10 March 2011

France recognises Libyan rebels

France has become the first country to recognise the Libyan rebel leadership, the National Libyan Council (NLC), as the country's legitimate government.
It came as Nato met to discuss military options in the Libyan conflict including a possible no-fly zone.
There is growing concern about the bombing of rebel-held areas by the forces of Col Muammar Gaddafi.
A BBC team detained and beaten up in Libya witnessed widespread mistreatment by the security forces.
In recent days, pro-Gaddafi forces have tried to regain ground in the rebel-held east, and have bombarded rebel forces in the town of Zawiya, 50km (30 miles) west of Tripoli.
Continued shelling  The president of the International Red Cross said on Thursday there was a marked increase in civilian casualties in what he called a "civil war".
The office of French President Nicolas Sarkozy said Paris regarded the NLC as Libya's "legitimate representative".

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He said if I say one word in English, he would kill me”
End Quote Feras Killani BBC Arabic correspondent
Mustafa Gheriani, a spokesman for the rebels in their eastern stronghold of Benghazi, said the French move was "breaking the ice", adding that he expected other EU members to follow suit.
However Italy and Spain have said they will not take a similar step until European Union members have reached a common position on the issue.
EU foreign ministers will also hold talks in Brussels, ahead of a European Council summit on Friday.
France's announcement came amid fresh fighting on the ground between Col Gaddafi's forces and the rebels.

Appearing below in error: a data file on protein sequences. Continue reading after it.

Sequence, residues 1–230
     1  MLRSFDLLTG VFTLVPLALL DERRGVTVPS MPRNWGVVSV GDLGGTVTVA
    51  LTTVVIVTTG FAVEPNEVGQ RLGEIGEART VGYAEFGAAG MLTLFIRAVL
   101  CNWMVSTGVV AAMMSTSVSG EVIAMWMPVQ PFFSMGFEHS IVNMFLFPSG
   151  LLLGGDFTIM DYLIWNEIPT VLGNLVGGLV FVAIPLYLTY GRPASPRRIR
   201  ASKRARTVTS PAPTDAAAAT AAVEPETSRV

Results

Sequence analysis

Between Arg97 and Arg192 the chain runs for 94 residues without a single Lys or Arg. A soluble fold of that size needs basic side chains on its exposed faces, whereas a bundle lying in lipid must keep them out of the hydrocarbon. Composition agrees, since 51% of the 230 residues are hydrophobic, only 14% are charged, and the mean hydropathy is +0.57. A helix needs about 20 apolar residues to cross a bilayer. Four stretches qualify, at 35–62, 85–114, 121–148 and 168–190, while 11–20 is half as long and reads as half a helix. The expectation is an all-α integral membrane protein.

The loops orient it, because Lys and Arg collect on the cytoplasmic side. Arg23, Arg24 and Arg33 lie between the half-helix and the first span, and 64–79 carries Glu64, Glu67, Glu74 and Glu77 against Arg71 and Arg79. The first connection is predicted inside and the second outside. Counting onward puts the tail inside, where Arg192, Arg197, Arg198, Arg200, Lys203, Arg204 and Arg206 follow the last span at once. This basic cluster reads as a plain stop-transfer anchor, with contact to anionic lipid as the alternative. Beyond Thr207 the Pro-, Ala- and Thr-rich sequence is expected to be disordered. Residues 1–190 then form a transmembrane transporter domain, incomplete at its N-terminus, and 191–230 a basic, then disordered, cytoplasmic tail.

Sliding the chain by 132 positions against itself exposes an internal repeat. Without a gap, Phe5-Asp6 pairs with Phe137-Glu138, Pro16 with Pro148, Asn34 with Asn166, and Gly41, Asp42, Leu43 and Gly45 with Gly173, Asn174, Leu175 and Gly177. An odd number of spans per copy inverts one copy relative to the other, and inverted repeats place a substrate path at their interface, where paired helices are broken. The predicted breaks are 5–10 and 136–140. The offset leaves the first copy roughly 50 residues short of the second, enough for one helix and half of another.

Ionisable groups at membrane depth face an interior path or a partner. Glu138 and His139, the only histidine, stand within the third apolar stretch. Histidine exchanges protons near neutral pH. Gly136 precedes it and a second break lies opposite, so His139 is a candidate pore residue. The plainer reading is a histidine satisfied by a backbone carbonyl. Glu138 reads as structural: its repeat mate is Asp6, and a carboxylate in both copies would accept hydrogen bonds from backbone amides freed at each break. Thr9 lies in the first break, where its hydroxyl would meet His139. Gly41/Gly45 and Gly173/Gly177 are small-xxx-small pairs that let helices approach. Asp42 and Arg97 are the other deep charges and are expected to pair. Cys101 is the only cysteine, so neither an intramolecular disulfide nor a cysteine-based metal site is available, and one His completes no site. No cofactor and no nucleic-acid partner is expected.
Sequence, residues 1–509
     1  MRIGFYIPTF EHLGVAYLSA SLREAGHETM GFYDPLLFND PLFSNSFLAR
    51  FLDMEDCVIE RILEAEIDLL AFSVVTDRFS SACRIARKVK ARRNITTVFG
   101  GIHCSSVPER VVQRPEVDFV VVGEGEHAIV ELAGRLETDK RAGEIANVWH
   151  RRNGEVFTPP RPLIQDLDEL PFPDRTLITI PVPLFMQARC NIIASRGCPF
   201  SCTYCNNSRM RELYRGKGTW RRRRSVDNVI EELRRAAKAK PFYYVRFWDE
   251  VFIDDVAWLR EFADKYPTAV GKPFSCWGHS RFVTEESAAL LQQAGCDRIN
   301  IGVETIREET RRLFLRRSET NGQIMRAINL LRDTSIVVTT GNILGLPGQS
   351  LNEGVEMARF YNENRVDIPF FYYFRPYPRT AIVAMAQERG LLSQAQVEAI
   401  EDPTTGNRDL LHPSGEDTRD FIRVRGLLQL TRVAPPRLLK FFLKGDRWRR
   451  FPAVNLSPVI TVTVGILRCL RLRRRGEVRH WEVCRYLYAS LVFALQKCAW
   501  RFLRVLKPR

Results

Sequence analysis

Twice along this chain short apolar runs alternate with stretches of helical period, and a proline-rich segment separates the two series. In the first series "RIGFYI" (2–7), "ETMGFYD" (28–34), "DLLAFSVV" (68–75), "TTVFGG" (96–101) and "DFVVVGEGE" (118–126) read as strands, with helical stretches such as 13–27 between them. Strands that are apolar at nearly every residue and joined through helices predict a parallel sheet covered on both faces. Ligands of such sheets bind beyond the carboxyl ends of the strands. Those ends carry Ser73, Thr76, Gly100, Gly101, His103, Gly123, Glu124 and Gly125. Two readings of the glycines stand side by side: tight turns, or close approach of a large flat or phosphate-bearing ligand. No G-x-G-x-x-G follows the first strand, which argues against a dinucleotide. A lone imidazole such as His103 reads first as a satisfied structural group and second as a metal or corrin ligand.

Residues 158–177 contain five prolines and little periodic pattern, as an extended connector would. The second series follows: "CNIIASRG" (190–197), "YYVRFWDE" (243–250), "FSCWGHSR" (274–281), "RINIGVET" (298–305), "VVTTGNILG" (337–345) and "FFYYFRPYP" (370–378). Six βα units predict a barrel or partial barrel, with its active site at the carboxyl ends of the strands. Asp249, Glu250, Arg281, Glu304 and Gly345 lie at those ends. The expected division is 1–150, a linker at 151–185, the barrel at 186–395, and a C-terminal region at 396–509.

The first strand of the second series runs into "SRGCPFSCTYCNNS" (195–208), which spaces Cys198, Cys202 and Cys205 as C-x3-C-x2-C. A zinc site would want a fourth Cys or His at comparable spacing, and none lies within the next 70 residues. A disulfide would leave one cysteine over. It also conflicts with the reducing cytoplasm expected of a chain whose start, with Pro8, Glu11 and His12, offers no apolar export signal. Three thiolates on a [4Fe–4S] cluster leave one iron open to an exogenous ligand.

On Thursday, government troops launched fresh attacks on the rebel-held eastern oil port of Ras Lanuf.
Government planes also bombed Brega, another oil town further east, indicating that pro-Gaddafi forces are making further advances into rebel-held territory, Reuters news agency reported.
There has also been fierce fighting in Zawiya in recent days. On Wednesday, state TV said the army had retaken the town, which had been in rebel hands .
Mock executions Late on Wednesday, three members of a BBC Arabic television team gave graphic accounts of how they were arrested and beaten by government forces outside Zawiya earlier this week.
heavy machine gun
They were subjected to mock executions and held for 26 hours in bloodstained cells, where they heard people screaming in adjacent rooms.
Feras Killani - a member of the BBC team who is of Palestinian descent - appears to have been singled out for repeated beatings.
The conflict in Libya has raged since mid-February when opponents to Col Gaddafi's 41-year rule seized many towns and cities in eastern Libya, following successful popular uprisings in neighbouring Tunisia and Egypt.
BBC diplomatic correspondent Jonathan Marcus says fears that the military balance may be shifting in Col Gaddafi's favour have prompted calls for urgent international action.
Thursday's Nato meeting in Brussels is expected to focus on military options, including a possible no-fly zone aimed at stopping government planes bombing rebel-held towns.
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On Wednesday, US Secretary of State Hillary Clinton told the CBS TV network: "We believe it's important that this not be an American or a Nato or a European effort. It needs to be an international one."
Our correspondent says there are differing

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